AT&T Gets Approval from FCC, Now Offers WiFi Calling
FREMONT, CA: AT&T, a multinational telecommunications corporation, gets permission from the Federal Communications Commission (FCC) to start offering WiFi calling, reports Todd R. Weiss for Eweek.
With this permission, the FCC has also provided a waiver to the corporation, which enables it to deliver the feature without the usually-required support for Text Telephone or Teletypewriter (TTY) -also known as TDD or Telecommunication Device for the people who are deaf or speech-impaired.
TTY allows deaf or speech-impaired persons to exchange text messages to one another instead of talking and listening. The device is required at both end of the communication for conversation to take place.
The new service has been first launched on iOS 8, which enables users to keep a phone call over a local WiFi network instead of their wireless connection. It is more worth for the areas, where telecommunication service is very poor. AT&T has also allowed a number of users to activate the feature and use it for most of the iOS 9 beta-testing period.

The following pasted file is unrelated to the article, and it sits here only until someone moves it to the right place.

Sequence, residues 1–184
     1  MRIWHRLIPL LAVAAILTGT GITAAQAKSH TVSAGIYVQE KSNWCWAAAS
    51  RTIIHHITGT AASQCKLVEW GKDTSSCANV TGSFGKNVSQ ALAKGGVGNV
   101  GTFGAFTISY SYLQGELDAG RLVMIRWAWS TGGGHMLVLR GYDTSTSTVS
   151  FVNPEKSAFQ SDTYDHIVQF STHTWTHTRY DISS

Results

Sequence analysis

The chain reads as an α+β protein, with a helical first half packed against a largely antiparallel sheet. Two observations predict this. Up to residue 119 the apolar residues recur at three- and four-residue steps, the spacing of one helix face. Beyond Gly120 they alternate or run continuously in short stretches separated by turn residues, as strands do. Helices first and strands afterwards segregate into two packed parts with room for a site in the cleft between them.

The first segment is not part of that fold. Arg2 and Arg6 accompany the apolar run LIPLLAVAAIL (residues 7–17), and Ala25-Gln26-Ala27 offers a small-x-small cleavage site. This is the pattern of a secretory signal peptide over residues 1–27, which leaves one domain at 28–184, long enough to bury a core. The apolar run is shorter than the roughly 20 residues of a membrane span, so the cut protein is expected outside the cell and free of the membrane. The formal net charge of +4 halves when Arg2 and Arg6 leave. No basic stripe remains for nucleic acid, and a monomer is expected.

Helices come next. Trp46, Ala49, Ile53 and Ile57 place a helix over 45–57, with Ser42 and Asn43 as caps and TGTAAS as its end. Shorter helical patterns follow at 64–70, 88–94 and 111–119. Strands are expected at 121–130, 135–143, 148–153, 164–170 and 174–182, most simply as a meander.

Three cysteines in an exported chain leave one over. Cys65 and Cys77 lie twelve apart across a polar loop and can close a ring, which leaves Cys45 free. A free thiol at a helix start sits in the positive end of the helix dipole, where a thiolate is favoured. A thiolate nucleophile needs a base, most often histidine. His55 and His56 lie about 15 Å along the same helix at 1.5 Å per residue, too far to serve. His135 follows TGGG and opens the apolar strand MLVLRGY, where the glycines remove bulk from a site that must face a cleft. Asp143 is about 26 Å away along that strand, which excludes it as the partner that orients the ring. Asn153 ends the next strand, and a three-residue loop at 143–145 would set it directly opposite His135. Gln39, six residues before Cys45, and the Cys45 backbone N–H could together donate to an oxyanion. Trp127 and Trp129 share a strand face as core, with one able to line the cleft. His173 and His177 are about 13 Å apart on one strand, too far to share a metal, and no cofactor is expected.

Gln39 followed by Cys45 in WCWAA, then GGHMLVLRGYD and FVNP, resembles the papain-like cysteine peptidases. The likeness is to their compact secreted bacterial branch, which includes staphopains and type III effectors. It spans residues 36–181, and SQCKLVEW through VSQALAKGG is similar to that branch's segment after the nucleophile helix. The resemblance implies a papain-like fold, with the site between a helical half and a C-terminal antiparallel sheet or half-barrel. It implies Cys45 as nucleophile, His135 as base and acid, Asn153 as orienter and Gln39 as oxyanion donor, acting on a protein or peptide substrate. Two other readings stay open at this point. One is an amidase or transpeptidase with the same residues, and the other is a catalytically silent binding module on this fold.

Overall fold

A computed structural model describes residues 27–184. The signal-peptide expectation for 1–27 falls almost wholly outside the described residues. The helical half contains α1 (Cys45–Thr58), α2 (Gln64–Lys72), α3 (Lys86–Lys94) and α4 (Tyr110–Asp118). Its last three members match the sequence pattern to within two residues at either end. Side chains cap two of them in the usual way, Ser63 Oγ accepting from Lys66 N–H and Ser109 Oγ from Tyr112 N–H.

The company has thanked FCC for the approval. “We are grateful the FCC has granted AT&T’s waiver request so we can begin providing WiFi calling.” However, the company is not happy with the behavior of its rivals, T-Mobile and Sprint because they have deployed and marketed WiFi calling features for a while without the permission of FCC.
The company states, “Instead of initiating enforcement action against them, or at least opening an investigation, the agency has effectively invited them to now apply for similar waivers and implied that their prior flaunting of FCC rules will be ignored. This is exactly what we meant when our letter spoke of concerns about asymmetric regulation.”
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